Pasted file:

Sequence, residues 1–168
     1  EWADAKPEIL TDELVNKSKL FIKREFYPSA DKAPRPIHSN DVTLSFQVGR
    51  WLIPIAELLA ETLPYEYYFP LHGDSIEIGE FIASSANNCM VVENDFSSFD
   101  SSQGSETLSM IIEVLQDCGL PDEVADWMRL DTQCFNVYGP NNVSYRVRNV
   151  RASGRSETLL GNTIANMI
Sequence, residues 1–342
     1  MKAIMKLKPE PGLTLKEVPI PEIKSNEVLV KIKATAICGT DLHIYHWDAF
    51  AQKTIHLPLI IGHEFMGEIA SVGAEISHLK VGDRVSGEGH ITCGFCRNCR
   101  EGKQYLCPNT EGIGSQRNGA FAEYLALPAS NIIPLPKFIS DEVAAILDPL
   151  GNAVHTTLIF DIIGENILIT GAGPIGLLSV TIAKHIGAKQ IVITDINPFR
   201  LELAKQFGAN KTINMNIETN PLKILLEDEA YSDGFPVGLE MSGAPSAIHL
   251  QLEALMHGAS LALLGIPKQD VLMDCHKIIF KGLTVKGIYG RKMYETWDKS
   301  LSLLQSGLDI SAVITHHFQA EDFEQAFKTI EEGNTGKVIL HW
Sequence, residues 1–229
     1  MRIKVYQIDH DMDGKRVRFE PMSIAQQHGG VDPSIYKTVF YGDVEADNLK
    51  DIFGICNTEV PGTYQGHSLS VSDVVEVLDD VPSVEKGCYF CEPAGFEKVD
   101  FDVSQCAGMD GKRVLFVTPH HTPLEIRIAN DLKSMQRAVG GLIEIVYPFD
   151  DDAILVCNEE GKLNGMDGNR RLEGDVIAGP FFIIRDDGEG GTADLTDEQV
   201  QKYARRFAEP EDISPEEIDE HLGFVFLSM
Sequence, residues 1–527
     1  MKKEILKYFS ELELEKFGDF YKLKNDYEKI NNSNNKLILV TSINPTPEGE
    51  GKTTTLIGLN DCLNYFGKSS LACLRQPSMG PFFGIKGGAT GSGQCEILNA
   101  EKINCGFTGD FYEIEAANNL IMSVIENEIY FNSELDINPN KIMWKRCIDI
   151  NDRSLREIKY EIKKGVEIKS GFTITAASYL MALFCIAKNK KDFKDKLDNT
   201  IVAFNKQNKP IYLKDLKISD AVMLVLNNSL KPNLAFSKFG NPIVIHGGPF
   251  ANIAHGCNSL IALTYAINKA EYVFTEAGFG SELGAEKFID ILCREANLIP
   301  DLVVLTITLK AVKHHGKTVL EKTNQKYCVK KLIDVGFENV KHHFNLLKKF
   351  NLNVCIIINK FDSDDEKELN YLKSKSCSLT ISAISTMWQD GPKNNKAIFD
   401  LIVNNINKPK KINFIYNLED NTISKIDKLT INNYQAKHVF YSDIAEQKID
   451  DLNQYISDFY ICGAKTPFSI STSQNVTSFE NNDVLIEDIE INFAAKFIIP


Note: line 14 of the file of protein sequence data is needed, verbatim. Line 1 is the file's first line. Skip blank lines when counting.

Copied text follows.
Sequence, residues 1–229